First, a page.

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Interior Department Calls for GERS Fix

In a blunt report released this week by its Office of the Inspector General, the U.S. Department of the Interior joined the chorus warning that the V.I. Government Employee Retirement System will stop paying checks unless the V.I. Legislature increases employee and employer contributions.

With an unfunded liability of more than $1.4 billion, GERS "could default in 14 to 19 years or less," Mary Kendall, DOI’s acting inspector general, wrote in a memo prefacing the report. Kendall sounded the same concerns GERS administrators have raised every time they have testified before the Legislature for at least five years.

"Factors that have contributed to this situation include insufficient contribution levels, an unhealthy ratio of active to retired members and unfunded legislative mandates," Kendall wrote.

In order for the retirement system to actually pay for itself and be solvent, the V.I. government’s own actuaries have found employees and employers would have to contribute 43.2 percent of payroll, according to the report. Today, they are only paying in 25.5 percent – not nearly enough to support the current benefits and growing population of retirees.

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While many systems have unfunded liabilities or are hurting due to the financial downturn, the V.I. is at exceptional risk. The average state retirement plan is funded at 96 percent of what is needed to be solvent, but GERS has only 60.7 percent of the funding it needs to be solvent, making it "one of the most underfunded plans in the nation," according to the report.

Exacerbating the problem is an increasing proportion of retirees to active employees. In past years, the system typically had more than 12,000 active members and about 5,400 retirees, for a ratio of 2.2 to one. But by 2010, government had shrunk so the system had about 10,800 active members and 7,500 retirees, "for a perilously low ratio" of 1.4 to one, according to the report.

Early retirement giveaways passed by the Legislature in 1994 helped feed this trend. Those early retirements cost the system $121 million in contributions, which the Legislature offset with a $31 million appropriation – leaving a $90 million hole, according to the report.

In 2005, the Legislature passed a reform act, increasing contributions and creating two tiers of employees with younger employees getting fewer benefits for the same contributions. But the reform is not sufficient and has also not been fully implemented, so the problems remain severe.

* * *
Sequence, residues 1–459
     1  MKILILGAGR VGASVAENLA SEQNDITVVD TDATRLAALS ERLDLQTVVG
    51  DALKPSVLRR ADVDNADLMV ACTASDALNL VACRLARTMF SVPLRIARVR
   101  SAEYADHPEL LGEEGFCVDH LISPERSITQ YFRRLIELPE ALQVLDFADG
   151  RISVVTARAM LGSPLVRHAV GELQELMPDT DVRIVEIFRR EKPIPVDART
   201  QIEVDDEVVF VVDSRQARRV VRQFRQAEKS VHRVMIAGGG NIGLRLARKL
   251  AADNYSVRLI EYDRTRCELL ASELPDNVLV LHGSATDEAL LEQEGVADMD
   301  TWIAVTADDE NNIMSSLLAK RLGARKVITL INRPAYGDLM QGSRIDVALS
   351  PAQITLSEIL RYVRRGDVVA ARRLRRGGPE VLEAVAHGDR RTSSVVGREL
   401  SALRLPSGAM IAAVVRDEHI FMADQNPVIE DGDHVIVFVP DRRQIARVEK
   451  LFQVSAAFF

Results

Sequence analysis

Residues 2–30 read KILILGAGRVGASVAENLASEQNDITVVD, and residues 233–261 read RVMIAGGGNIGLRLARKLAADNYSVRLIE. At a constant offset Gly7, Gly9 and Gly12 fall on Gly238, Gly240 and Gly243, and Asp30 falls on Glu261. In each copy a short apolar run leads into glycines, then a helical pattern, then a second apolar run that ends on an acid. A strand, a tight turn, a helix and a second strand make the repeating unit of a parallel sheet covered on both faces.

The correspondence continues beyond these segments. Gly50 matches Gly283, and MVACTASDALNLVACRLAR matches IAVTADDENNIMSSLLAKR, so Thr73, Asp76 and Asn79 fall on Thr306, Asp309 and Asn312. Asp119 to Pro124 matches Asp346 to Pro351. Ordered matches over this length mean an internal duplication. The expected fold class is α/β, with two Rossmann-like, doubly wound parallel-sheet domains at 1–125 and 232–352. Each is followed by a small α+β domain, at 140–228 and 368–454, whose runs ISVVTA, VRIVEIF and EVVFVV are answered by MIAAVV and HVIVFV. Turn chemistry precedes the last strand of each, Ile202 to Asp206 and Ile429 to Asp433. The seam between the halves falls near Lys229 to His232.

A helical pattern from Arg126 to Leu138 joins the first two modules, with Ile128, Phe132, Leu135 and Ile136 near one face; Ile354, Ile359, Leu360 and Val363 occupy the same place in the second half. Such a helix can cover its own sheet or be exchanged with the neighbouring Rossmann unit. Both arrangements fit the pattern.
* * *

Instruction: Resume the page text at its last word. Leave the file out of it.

As a result of all these factors, in 2010, GERS took in about $117 million in payroll contributions and spent about $208 million on benefits. Like a vise, contributions and benefits together are squeezing $5 to $6 million out of GERS’ trust fund every single month to pay current benefits, according to the report.

GERS Administrator Austin Nibbs could not be reached for comment Friday afternoon. However, all of the report’s conclusions echoe similar statements made by Nibbs and other GERS staff during GERS Board of Trustee meetings and frequent testimony before the Legislature.

The OIG report recommends Gov. John deJongh Jr. quickly take several actions to begin turning the situation around. Most significantly, it recommends deJongh should work with the Legislature "to develop and implement measures to improve the Retirement System’s sustainability," and "ensure that any future early retirement legislative provisions are adequately funded."

In his official response, deJongh agreed with the overall thrust but said the situation is even worse than the report projects. Based on the most recent data, deficits "will result in the system running out of funds in 10-12 years," deJongh said.

The governor said he has been raising warnings about the problem since his first state of the territory address in 2007 and increased the employer contribution from 14.5 percent to 17.5 percent proactively. His administration had hoped to use growing rum excise tax revenues to help plug the hole, but due to declines in other tax revenues, those revenues were needed for the government’s regular expenses, he said.

Retirement incentives, pay cuts and hiring freezes instituted this year, while necessary due to an immediate budget crisis, also have an impact on the retirement system, deJongh said.

DeJongh submitted an action plan with his response. His administration will have a task force working with the Legislature to "develop and implement realistic measures to enhance the sustainability of the retirement system," by the end of the first quarter of fiscal year 2012, deJongh said in his plan.

In her letter prefacing the report, Kendall wrote that deJongh had been responsive. But due to the seriousness of the situation, Kendall asked the DOI’s Office of Insular Affairs to "(e)nsure that the Virgin Islands Government provides documentation that demonstrates implementation … of actions … to avoid default."